The censor board demands mujra dancers to be in full, often bedazzling body suits with full sleeves and no cleavage. A week before Afreen’s performance, she has to pass an arbitrary modesty test mandated by the government. Male representatives of a censoring body known as the Arts Council screen performances before labelling them “fit for public” or “too lewd”. Afreen tends to fall in the former category for the test but dials up the antics for the actual show. In 2015, she was banned for the third time, “On the same stage, another girl performed in a way more sexual manner than I did, but she wasn’t banned and I was.” Afreen blames not providing the police and the council representatives with any auxiliary favours for her ban.
On performance day, an employee of the Arts Council stitches a black cloth over the dancer’s cleavage or arms if she is showing any skin. Live performances are monitored and recorded; mobile phone footage is used to summon any girl who steps out of line. Interaction with the audience, performing provocative moves or gestures are just some of the actions that can get the dancer banned. The girls are given two warnings, followed by a short-term ban. On the contrary, the Broadway-styled English language plays geared towards the bourgeois are trusted with a mild form of self-censorship.
Private shows in seedy theaters of small towns and villages of Punjab represent another side of the mujra business where the state mandated modesty test is absent and the dancers are free to flash and dance freely to the crowd’s desire. Video recordings of these performances are sold in film/video markets in urban centers of Pakistan, much of the content ends up on YouTube. My upcoming documentary Showgirls of Pakistan, featuring Afreen deals with the regulated and deregulated side of the Punjabi mujra business.
Mujra and modern technology
The digital dissemination of mujra has been made possible with the advent of live streaming apps in Pakistan. Mujra dancers have found a direct way to interact with their patrons, away from the scrutiny of the government (as of now). Live streaming of mujras on a popular Singaporean app has extended their reach to a sub-group of their clientele in a different geographical location: working class Pakistanis in the Middle East. These fans are here not only to see the dances but also to hear what the mujra dancers have to say. In recent live streams, Afreen is seen driving a car telling her fans about the problems working class women face in the entertainment industry. Sitara Baig lashes out at male control over the entertainment business, Laiba Bangash mourns the lives lost in a deadly bomb blast in Lahore.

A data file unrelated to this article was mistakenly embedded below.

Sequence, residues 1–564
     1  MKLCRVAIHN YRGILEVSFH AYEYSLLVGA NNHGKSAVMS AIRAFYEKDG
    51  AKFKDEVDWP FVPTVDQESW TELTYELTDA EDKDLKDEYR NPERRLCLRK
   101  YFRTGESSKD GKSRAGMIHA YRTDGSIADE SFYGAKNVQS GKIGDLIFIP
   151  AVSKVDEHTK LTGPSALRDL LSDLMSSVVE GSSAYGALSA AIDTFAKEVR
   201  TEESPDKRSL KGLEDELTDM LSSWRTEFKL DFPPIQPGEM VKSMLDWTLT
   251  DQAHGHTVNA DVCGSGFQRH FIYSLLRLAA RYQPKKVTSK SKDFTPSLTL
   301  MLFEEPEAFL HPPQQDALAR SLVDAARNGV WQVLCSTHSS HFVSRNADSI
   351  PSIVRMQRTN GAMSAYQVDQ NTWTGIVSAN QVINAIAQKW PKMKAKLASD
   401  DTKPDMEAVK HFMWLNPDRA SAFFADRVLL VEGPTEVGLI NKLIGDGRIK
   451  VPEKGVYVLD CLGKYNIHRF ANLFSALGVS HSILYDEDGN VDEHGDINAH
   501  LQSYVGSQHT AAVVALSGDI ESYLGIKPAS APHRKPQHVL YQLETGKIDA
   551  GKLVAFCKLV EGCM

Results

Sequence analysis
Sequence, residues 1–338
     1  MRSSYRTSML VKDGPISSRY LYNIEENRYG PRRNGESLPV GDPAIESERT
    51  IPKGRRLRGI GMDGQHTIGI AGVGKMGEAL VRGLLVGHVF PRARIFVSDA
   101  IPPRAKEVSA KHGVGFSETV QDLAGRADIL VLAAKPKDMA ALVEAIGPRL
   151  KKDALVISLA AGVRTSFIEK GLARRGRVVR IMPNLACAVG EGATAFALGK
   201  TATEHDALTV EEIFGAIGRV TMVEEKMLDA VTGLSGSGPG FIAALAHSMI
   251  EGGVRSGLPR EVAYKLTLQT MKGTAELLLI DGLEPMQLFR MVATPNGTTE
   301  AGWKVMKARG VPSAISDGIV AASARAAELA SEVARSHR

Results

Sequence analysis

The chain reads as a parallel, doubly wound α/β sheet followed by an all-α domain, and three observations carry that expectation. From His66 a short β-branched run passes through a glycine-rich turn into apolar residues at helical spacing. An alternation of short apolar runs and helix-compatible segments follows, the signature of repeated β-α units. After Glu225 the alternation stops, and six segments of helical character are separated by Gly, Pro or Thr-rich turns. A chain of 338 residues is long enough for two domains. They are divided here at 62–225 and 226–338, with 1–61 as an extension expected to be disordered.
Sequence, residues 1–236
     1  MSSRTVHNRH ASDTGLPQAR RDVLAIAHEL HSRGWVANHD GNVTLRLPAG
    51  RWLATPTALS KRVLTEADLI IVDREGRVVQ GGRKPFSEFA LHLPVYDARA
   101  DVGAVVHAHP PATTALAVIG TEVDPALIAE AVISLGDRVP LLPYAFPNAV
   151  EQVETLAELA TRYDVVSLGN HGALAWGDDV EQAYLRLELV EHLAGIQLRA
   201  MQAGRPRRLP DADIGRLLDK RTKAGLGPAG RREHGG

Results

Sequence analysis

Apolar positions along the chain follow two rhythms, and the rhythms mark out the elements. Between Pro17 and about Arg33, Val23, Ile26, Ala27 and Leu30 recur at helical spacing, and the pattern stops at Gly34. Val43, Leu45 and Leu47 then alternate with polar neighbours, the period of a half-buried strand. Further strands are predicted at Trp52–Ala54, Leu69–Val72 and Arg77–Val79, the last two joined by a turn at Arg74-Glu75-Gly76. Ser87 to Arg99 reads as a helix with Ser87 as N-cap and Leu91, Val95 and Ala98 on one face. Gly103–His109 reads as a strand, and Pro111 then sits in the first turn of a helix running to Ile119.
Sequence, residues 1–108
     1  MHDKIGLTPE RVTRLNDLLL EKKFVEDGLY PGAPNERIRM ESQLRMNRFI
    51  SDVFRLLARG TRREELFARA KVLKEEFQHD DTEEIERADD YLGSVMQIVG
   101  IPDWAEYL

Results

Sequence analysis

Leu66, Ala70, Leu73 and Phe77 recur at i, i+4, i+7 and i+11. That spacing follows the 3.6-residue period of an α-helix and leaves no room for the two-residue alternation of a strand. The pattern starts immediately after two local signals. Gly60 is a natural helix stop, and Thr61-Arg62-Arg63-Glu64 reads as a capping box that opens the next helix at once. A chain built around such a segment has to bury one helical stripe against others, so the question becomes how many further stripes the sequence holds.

The real lives of working class women in this business are rarely seen without the gaze of colonialism and respectability. For Afreen, commercial mujra has financially empowered her and helped her climb the socio-economic ladder, otherwise impossible to achieve by a woman from a lower economic class. Mujra dancers are not favoured by advocacy groups and continue to function in the peripheries of society. This disenfranchisement and flawed representation makes abuse and crimes against them go unnoticed. Furthermore, if reported, their abuse is created as a spectacle by the media for the imperial gaze of middle and the upper classes.
Once the dancing stops, and the dancers step outside the theatre and into the real world, the judgment, toting guns and violence take over. In 2013, armed men stormed Afreen’s performance in the small town of Okara. They made the audience leave and harassed her on stage. “That was the moment I decided to leave my town and move to a bigger city, Lahore for work.” Afreen said.
Such incidents are not rare. There is a history of violence against working class women in Pakistan’s entertainment industries. For Afreen, the violence and state control over the bodies of women in the business stems from toxic masculinity and male fragility which makes working class women – those who do not have the privilege of their class protection – pay a heavier price.
In the early 2000s, local goons in Lahore beat and shaved the head of mujra dancer, Nargis. In 2007, Saima Khan, the very first woman to take her top off on-stage under Pervez Musharraf’s reign, was shot in the legs by local gangsters for declining their invitation to dance at their farmhouse. In 2014, Sangam Rana was found dead in her bedroom in Lahore in what was apparently a case of suicide. In 2015, mujra dancer Honey Shahzadi lost her sister-in-law and bodyguard when her ex-boyfriend attacked her house. In December 2016 Kismet Baig was pulled over outside her house and shot in her palms and legs by an ex-boyfriend. Kismet’s sister, Sitara Baig was live streaming on Facebook when she heard the news of her sister’s death. In 2016, working class singer, video blogger and actor Qandeel Baloch was murdered by her brother after a high profile row with a (male) religious cleric, which lead to a media onslaught exposing her personal details and class background.
Mujra as a form of Resistance
Mujra girls have constantly negotiated their space in institutionalised patriarchies – be it the Mughals, the British, the state, middle and upper classes – which control yet create economies of consumption out of the dancers bodies, livelihoods and art. In these situations, the dangerous and queer-ing act of mujra becomes an act of resistance.
Modern mujra dancers such as Afreen have learned to navigate, negotiate and more often rebel against these dangerous patriarchies, often at the cost of their lives and the safety of their loved ones. Financial independence, taking care of their families and fighting male control in the industry is a common streak which unites the dancers as strong women and when any dancer is attacked, the mujra girls are first ones to reach out, console and help.
“The truth is even If we wear a burqa, men will never cease to harass,” Afreen said. “If I was president of Pakistan, I would castrate all the men, that’s the only thing that can ensure our safety.” Her car pulled up at 3 am next to her house in a gated community, outside of Lahore.
A version of this article first appeared on Saad Khan’s Medium blog.